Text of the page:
The other major factor was Jimmy ROllins. When JRoll gets on base, he's a major threat to move over to second. Add Werth/Victorino into that 2 hole, and put Utley in at 3, and Howard is coming to the plate with men in scoring position ALL THE TIME. But it all starts with Jimmy. This team wins and loses with the venerable SS. Even last year when he was out, if not for Chase and Burrella going haywire (not really at a sustainable clip), we'd have had some MAJOR offensive problems. When Jimmy came back, though - and I mean back at 100%, the team was insane.

Incidentally, if this team can stay healthy, there is almost no ceiling. We are just a solid team right nwo. The offense is very, very potent (why doesn't anyone recognize Werth as a legit RH bat?), the bullpen is very good, and the rotation is deep. I think it's legitimately possible we could win 100 games.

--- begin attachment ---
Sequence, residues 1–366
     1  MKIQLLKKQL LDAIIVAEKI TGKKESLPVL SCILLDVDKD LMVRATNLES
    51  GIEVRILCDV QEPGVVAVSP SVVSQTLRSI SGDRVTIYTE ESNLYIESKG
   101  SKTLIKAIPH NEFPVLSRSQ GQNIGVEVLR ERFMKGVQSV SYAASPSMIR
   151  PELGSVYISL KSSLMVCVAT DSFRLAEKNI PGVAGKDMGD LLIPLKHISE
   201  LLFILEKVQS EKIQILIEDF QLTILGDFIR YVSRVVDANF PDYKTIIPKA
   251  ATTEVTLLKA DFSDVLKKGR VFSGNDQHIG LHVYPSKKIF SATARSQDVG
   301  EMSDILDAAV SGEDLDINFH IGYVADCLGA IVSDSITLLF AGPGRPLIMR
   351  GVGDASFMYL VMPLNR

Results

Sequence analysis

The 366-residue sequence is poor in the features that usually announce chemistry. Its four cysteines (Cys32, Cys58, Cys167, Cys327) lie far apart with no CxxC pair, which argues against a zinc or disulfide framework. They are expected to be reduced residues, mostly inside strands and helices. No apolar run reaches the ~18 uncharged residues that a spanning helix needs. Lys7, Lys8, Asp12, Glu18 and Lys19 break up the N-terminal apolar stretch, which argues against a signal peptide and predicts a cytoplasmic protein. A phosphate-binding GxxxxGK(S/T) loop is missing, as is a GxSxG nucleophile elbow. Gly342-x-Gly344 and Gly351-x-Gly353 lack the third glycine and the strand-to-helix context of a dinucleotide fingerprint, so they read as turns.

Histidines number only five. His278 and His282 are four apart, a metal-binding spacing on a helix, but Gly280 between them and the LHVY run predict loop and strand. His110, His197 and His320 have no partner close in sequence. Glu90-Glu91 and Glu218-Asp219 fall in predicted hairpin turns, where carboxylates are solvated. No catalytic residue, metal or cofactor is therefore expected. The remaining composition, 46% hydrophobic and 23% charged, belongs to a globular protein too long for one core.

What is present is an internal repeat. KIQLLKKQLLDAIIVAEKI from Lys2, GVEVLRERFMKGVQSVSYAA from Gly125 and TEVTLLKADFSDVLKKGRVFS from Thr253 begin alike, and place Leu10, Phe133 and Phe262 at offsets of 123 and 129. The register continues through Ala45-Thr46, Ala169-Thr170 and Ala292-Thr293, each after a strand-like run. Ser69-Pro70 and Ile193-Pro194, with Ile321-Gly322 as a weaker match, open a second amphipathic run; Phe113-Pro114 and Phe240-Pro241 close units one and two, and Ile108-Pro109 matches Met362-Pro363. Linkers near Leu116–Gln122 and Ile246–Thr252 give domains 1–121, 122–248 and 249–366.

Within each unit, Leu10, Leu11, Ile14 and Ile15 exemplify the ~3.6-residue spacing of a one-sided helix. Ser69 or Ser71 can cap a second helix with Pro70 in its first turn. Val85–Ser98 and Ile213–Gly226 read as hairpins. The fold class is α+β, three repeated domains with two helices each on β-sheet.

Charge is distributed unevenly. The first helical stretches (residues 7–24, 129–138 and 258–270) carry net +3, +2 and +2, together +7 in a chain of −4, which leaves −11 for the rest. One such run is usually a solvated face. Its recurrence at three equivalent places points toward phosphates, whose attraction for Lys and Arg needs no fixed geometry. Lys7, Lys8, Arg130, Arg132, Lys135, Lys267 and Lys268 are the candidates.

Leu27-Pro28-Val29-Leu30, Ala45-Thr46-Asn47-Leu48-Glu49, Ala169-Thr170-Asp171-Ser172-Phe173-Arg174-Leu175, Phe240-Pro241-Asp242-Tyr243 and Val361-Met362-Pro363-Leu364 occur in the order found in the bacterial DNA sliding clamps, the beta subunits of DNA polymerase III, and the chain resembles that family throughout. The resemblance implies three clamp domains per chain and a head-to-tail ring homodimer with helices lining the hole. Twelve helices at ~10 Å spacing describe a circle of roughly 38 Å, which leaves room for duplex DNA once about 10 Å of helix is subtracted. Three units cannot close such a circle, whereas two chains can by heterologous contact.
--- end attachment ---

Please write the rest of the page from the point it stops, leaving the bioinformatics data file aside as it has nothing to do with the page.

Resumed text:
David Raab said...

How often has anyone been MVP twice in three years? And if his numbers have trended down over his career, why should you expect a rise? Just based on the statistics of the whole thing, Howards chances don't look very good.

Charles Berman said...

Statistically Howard may be a long shot for MVP in 2009, but what I think was really insightful about this post was pointing out how attributing Howard's less impressive batting averages in the past couple of years to the league's pitching simply having got used to him is an oversimplification.

I'm sure there's a grain of truth there, in that the longer a man plays the more time pitchers and coaches will have to decide how to pitch him, but for an explanation that has been offered so many times as the final word on the subject it ignores far too many factors.

The reason is much more likely to be something to do with Howard and his approach, and I hope as much as anybody that this new contract takes some of the pressure off and allows him to pick up some more base hits.